How to avoid FAT File Syndrome so YOU actually start to make a difference for complex clients

  • Wednesday, March 2, 2016
  • Shona Innes Psychology

FAT FILE Syndrome… a sad and potentiality dangerous symptom of working with complex clients. A file full of assessments and reports that lead nowhere; expensive and wordy documents that are worth nothing to the client or the client’s team when it comes to creating the much-needed outcomes.

I’m determined to make assessments meaningful which is a direct result of years of working with young people in complex situations and the reams of paper generated about them. Here are 5 characteristics of useful psychological and behavioural assessments and reports that I believe Health, Forensic and Human service personnel should consider, indeed demand… 

If there is one thing that has been really noticeable throughout all of my years working with complex young people it’s the amount of reports generated for them. Nothing bothers me more than a file full or reports that have no meaningful actions recommended or make no sense to the worker and result in actions that are incompatible or in direct opposition to the report’s recommendations.

If our universal goal is to make sense of difficult often traumatic situations and challenging behaviours for troubled children and young people, then we must get better at assessments and reports. Sometimes dealing with a client in crisis is so overwhelming that there’s no time to review a file, particularly if it’s a FAT File so to ensure assessments and reports are useful, take these steps: 

Step 1 is to ask one specific question or several key questions and demand clear answers. The type of questions you might ask may include: What factors are contributing to the problem? Which of these have capacity for change? How should we go about making that change? And, who is best placed to implement, mentor and trouble shoot for that situation? 

Questions like these: What’s the best way to keep this girl safe? Which ways are best for responding to her offending? Does she have mental health needs; and How should we best provide treatment?

Next, there’s the problem of professionals working in isolation. Those reports are often perfect professional presentations, but lack relevance and fail to address recommendations for what you should do for your client the next time you meet them.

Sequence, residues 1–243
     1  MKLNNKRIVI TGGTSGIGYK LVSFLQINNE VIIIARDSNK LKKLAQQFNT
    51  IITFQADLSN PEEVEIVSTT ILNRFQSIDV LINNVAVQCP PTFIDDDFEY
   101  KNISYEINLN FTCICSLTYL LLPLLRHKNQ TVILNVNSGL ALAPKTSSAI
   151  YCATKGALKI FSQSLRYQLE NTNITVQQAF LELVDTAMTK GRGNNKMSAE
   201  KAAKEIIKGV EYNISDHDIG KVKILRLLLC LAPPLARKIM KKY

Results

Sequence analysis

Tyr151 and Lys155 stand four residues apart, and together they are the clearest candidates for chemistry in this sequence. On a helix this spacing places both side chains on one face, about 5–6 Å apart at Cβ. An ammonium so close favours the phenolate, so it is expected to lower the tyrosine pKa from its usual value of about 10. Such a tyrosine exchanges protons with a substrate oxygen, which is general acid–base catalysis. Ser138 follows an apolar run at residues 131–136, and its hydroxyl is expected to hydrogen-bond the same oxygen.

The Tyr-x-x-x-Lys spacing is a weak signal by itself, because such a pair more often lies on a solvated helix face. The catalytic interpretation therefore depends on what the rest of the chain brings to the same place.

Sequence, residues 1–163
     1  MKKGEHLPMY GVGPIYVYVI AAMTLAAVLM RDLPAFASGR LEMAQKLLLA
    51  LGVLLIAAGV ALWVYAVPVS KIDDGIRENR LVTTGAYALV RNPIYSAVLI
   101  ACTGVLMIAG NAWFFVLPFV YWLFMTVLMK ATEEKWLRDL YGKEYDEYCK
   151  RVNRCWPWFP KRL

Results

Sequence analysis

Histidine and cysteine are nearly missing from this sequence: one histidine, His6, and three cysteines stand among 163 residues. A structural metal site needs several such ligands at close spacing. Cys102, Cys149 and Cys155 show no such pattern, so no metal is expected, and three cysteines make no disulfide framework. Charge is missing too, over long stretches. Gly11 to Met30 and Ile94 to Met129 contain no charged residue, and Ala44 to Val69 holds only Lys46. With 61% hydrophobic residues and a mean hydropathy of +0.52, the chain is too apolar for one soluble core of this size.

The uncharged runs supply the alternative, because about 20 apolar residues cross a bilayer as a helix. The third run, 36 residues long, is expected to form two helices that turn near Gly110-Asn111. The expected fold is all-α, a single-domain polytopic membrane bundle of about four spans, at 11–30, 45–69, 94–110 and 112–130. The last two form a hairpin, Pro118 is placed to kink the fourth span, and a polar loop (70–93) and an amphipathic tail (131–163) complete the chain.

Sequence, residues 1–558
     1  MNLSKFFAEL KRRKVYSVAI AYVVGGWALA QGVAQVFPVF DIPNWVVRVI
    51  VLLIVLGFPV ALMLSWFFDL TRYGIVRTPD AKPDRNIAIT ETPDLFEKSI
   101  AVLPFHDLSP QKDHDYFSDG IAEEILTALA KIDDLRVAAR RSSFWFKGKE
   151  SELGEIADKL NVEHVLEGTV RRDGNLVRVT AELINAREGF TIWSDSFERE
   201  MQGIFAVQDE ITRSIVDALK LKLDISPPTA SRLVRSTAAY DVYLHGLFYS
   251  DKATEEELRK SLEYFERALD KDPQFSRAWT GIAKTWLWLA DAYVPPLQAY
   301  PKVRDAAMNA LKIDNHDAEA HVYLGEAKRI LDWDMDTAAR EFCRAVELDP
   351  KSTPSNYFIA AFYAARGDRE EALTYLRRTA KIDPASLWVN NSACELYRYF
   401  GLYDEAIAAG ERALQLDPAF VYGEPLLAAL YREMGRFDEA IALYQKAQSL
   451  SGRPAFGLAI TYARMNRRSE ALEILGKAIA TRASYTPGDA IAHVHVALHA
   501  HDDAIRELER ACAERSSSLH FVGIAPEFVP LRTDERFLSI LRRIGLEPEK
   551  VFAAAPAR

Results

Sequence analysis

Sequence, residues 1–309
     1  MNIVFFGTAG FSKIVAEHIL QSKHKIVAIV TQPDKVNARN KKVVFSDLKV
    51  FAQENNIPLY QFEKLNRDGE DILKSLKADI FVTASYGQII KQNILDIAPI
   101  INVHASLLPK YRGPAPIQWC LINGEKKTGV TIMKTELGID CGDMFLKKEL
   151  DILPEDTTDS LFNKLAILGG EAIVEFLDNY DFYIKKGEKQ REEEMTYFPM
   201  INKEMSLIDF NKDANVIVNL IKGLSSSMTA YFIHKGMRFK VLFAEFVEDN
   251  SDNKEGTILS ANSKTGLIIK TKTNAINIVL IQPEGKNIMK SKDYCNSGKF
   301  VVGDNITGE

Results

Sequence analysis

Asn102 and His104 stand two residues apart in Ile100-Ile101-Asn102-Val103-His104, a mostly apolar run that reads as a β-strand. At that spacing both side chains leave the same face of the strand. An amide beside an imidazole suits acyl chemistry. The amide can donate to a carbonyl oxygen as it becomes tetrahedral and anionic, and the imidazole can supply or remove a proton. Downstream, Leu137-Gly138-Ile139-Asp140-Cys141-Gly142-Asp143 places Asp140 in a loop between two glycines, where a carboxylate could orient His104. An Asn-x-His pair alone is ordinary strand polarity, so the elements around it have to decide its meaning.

Step 2 is to ensure you request assessments and reports that include information from multiple but relevant sources. For example: Information from the young person themselves, their family, their schools, their case workers, all the records/official documents associated with their issues (e.g. incident reports, charge sheets) and any past reports and files from other relevant agencies.

Money spent, experts consulted and high level knowledge translates to zip in terms of client outcomes, if it’s just another report.In those moments when you simply do not know what to do next, don’t be drawn into the “Let’s get another report cycle”.   

Step 3 is to only seek new reports if there are gaps, or if extra tests or an assessment is directly relevant to answering specific or pressing questions that are required to be answered. 

Step 4 is to set an expectation for the assessment and reporting to suit your specific audience.A report is worthless if it is written in a ‘different language’ than that used by you and the client’s team. There is no place for complex terminology or unexplained/hefty professional vernacular – you need straight talk.

Finally, Step 5 is to get real. Ask for assessments and reporting that can be implemented in the real world – the one where your clients live or in their best workable case scenario situation.  

To summarise, useful assessments and reports take you carefully through all of the complexities involved to provide you with clarity. This will enable you, and others who face the real-world issues with a troubled young person, to respond effectively.

I’m sure you will agree, it’s time for FAT files to go on a diet of less complexity and more of the good stuff – useful information and practical direction for implementation of appropriate action. 

While Shona is regularly engaged to deliver assessments, reports and treatment for troubled children and young people, she is also available for consulting, speaking and workshops. Call Shona Innes Psychology on 0400 150 106 or email